Regards.
     
  5. irrig8r

    irrig8r LawnSite Platinum Member
    Posts: 4,535


    Steve, I'm not going to knock you or CAST, but I think this is one are where contractors and manufacturers/ distributors have different insterests and part ways.

    You have a need to sell product. It doesn't matter as much to you who installs that product, as long as you can convince them to keep coming back to you for more.

    I have a need for quality products to install, because they reinforce my reputation, cut callbacks, and generally improve the bottom line.

    However, I also have an interest in preventing work by unqualified installers, who are often unlicensed, undercut my prices, and don't know enough to stay in business very long. These guys leave a wake of messes for other professionals like myself to clean up, often with customers who resent having to pay twice for a job.

    Some of them are even guys doing "side jobs" who have "day jobs" with other contractors or even distributors (Don't believe me? Ask Mike Gambino about the guy we exposed a few years ago after doing a little detective work.)
    and get discounts on their materials that way.

    BTW, I was even on a job this past year where I discovered that a distributor (who I knew sold to homeowners, but didn't know did service work too) was competing with me for work. I was there doing sprinkler toubleshooting and repairs and noticed a few broken lighting fixtures. I asked the homeowner whether they'd like a quote for repairs or upgrades. They informed me that the distributor had already sent someone to check out the job and had replacement fixtures on order and would install them too. (The distributor is NOT a licensed contractor. They won't be getting any more of my business. But I digress.....)

    Anyway, there are already three contractor license categories that LV lighting falls into in California:
    C-27 Landscape (where it's been for at least 40 years),
    C-10 Electrical (same time frame, but not as many bothered with LV) and
    C-7 Low Voltage Systems (which is more recent and includes alarms, phone, sound systems, satellite dishes, CCTV, etc. as well as LV lighting and goes up to 91 volts-???)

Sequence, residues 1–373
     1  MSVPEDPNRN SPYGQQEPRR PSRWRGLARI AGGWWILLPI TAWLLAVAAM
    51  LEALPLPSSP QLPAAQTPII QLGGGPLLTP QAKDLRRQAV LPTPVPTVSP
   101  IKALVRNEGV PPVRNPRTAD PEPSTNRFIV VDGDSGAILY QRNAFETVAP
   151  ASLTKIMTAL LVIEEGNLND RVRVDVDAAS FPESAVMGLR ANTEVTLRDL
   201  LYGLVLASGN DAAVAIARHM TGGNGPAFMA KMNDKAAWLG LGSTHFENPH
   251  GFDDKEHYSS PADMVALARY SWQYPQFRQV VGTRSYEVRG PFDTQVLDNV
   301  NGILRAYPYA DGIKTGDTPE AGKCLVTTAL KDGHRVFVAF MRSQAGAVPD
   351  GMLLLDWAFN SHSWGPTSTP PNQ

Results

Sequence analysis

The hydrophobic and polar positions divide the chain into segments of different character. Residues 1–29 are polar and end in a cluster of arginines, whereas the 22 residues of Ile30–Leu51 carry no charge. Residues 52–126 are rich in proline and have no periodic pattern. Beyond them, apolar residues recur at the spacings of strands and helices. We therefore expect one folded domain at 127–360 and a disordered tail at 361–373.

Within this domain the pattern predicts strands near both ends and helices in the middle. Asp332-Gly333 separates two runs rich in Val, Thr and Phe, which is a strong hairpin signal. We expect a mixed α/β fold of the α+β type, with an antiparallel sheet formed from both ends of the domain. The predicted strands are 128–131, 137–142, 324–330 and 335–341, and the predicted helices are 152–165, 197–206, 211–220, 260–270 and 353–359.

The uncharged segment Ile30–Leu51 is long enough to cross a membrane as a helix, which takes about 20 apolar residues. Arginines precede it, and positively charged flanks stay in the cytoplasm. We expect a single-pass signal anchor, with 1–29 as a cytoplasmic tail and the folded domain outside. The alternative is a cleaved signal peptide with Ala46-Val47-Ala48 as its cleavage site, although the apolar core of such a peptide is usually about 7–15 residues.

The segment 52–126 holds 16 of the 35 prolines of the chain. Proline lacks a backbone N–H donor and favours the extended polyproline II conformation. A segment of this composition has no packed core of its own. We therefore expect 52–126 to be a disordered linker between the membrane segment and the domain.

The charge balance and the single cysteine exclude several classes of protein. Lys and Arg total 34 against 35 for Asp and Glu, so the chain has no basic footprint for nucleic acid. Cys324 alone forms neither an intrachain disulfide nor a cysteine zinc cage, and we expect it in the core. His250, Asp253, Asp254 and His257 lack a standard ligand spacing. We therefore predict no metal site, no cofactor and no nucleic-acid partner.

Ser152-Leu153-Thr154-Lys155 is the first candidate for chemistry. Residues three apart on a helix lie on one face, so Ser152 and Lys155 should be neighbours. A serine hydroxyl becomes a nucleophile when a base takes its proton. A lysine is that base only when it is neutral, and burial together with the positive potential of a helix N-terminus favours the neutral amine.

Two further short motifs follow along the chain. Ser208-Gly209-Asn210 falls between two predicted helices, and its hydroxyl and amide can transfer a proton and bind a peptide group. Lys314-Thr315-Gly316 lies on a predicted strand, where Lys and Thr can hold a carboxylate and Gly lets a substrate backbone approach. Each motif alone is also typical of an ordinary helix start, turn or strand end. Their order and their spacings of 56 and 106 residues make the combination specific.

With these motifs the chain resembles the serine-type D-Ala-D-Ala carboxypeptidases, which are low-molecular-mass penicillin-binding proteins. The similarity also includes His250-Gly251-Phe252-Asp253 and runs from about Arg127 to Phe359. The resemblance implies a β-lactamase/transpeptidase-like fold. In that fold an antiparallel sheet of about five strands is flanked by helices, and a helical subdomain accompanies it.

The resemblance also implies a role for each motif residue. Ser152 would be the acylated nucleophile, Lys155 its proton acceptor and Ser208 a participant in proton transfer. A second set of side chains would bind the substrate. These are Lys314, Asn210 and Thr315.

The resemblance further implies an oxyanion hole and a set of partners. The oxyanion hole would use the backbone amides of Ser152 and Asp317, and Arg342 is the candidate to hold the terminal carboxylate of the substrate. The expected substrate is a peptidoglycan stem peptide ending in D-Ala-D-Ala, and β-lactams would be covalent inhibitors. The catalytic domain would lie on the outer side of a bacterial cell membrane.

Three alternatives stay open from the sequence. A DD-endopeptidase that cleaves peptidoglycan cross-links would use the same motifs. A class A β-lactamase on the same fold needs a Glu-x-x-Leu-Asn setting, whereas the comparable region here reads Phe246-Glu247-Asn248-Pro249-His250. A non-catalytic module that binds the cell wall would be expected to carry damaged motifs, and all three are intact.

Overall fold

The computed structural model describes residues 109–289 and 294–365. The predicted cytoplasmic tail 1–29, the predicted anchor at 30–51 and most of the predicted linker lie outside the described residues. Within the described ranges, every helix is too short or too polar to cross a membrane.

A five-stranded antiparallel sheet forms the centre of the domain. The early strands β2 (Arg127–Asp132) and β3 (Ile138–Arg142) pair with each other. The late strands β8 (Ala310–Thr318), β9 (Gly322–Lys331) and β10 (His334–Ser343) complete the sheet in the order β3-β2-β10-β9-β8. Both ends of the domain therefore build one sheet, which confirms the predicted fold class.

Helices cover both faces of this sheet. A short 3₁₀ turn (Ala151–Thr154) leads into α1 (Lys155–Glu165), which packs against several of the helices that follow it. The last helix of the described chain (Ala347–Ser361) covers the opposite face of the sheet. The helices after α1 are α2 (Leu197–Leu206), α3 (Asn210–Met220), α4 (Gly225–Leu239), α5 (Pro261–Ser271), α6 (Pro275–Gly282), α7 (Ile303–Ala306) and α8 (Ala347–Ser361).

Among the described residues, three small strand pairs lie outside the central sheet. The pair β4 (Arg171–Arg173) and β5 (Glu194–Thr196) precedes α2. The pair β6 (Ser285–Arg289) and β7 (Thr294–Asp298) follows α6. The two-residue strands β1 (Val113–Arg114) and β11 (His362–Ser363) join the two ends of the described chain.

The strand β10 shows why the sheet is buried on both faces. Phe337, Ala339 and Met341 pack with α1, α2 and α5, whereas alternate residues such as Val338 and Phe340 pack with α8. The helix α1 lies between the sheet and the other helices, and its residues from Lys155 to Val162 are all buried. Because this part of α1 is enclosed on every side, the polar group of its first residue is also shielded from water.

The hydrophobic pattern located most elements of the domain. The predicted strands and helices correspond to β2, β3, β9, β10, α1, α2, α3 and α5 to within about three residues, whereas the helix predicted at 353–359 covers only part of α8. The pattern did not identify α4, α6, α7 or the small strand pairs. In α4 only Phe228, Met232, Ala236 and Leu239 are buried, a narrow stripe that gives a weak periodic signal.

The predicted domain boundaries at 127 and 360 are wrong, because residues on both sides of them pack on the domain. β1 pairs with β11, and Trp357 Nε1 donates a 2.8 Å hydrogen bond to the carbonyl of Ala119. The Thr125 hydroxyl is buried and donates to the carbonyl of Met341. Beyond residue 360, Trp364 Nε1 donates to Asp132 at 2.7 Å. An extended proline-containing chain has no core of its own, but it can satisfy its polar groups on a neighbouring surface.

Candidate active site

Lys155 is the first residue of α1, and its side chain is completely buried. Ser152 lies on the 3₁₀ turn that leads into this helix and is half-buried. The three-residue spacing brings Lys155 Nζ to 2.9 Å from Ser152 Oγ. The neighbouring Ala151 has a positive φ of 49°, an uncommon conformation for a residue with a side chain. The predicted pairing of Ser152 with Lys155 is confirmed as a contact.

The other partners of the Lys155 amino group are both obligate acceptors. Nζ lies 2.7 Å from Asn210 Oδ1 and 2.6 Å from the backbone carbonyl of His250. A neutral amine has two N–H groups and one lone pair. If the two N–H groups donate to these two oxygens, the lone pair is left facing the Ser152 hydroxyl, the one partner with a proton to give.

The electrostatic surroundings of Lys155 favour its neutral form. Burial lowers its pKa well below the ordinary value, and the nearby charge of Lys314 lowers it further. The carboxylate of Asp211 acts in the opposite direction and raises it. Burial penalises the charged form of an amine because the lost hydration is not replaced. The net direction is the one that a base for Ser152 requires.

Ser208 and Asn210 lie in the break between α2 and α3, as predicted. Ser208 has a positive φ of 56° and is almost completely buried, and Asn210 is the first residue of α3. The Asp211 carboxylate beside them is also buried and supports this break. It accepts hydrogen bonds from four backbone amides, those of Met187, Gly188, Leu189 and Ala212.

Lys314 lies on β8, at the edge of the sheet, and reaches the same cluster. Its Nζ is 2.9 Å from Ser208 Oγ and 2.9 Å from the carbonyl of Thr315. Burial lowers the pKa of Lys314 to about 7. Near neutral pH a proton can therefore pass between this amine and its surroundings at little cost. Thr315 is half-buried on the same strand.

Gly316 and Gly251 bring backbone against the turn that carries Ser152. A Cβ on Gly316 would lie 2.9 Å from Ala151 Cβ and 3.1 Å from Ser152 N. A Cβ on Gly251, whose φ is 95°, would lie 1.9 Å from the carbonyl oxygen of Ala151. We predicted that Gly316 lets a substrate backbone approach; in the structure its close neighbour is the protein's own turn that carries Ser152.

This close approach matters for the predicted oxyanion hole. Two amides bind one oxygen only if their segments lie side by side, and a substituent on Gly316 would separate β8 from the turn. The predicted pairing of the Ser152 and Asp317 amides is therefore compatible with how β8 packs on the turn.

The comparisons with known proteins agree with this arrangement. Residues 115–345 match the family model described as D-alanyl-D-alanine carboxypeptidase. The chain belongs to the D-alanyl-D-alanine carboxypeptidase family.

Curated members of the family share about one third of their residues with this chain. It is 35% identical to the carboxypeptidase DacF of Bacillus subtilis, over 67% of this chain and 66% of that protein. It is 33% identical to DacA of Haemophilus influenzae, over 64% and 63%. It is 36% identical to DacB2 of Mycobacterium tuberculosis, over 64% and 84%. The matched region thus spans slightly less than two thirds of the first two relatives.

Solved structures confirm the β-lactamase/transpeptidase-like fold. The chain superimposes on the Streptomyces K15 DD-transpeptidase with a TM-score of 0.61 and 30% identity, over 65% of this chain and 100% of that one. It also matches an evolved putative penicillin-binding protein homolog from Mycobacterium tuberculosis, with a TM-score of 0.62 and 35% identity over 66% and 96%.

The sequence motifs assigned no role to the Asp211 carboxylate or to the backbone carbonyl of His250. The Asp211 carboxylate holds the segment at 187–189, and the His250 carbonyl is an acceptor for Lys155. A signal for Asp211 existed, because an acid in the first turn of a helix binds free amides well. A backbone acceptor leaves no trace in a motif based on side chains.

IMO this ought to be fixed so a category exists for LV systems up to 30V just for sprinklers and lighting and be a subcategory to Landscape...

    Anyway, despite all these licenses, there is little enforcement. The CSLB isn't funded enough. Unlicensed operators abound. Homeowners get ripped off, and the whole industry gets a black eye.

    The answer IMO, is not less regulation, not more regulation, but better, more consistent, common sense regulation.
     
  6. Pro-Scapes

    Pro-Scapes LawnSite Platinum Member
    Posts: 4,181

    Gregg thats just california where you need a license to sneeze too hard. I would love to see a low voltage license and test here like in fla or cali.

    There is landscapers here sticking in Kichlers as part of a package and screwing transformers to trees as a mounting post.
     
  7. Mike M

    Mike M LawnSite Bronze Member
    from usa
    Posts: 1,941

    Steve, some guy painting portraits has no effect on me. That comparison is like saying auto manu's shouldn't be required to follow emission control regulations because that would be like making an artist use a smaller paint brush.

    IDA aka Dark Sky has evolved out of the need for some serious light control. Also, LV lighting is complex enough that consumers have no way of knowing they are making a bad investment if the installer is poorly trained.

    I always say I hate regulations, but you know what, I love those labels on food items. I like that my dentist had to go to school and get credentials before sticking a power drill in my mouth.

    The only draw back I can see for CAST is that all those irrigation suppliers may lose interest if their unlicensed/uncertified installers have to revert back to other add-ons.

    When I used to do lawn care, I was upset that I couldn't use weed-n-feed. It was harmless enough for consumers/DYI's, why not me? But after I studied the materials for an applicator's license, it made good sense.

    I've been in lv a short time, but the mess I see in the field is ubelievable. The local JDL distributor is telling 'scapers they don't need trenches for lv cable, and mature properties are littered with failed aluminum fixtures.

    My 2 cents.
     
  8. INTEGRA Bespoke Lighting

    INTEGRA Bespoke Lighting LawnSite Platinum Member
    Posts: 4,102

    A good post there Mr. Murphy.

    Now if we can only get you to edit that signature line of yours to beef it up to "industry standards" you might actually have some legs in this biz!:laugh:
     
  9. Mike M

    Mike M LawnSite Bronze Member
    from usa
    Posts: 1,941

  10. Pro-Scapes

    Pro-Scapes LawnSite Platinum Member
    Posts: 4,181

    alot of dist if not all will tell guys how easy the money is. I guess it is easy if you slap fixtures down. Dont check voltage...dont own an amp meter... put wires under mulch or 0-6 inches and anywhere in between is ok.

    There needs to be a trend away from 1 day seminars to "launch you into the low voltage lighting industry". Regulation would help this alot. I think the quality of lighting and the industry as a whole would come up considerably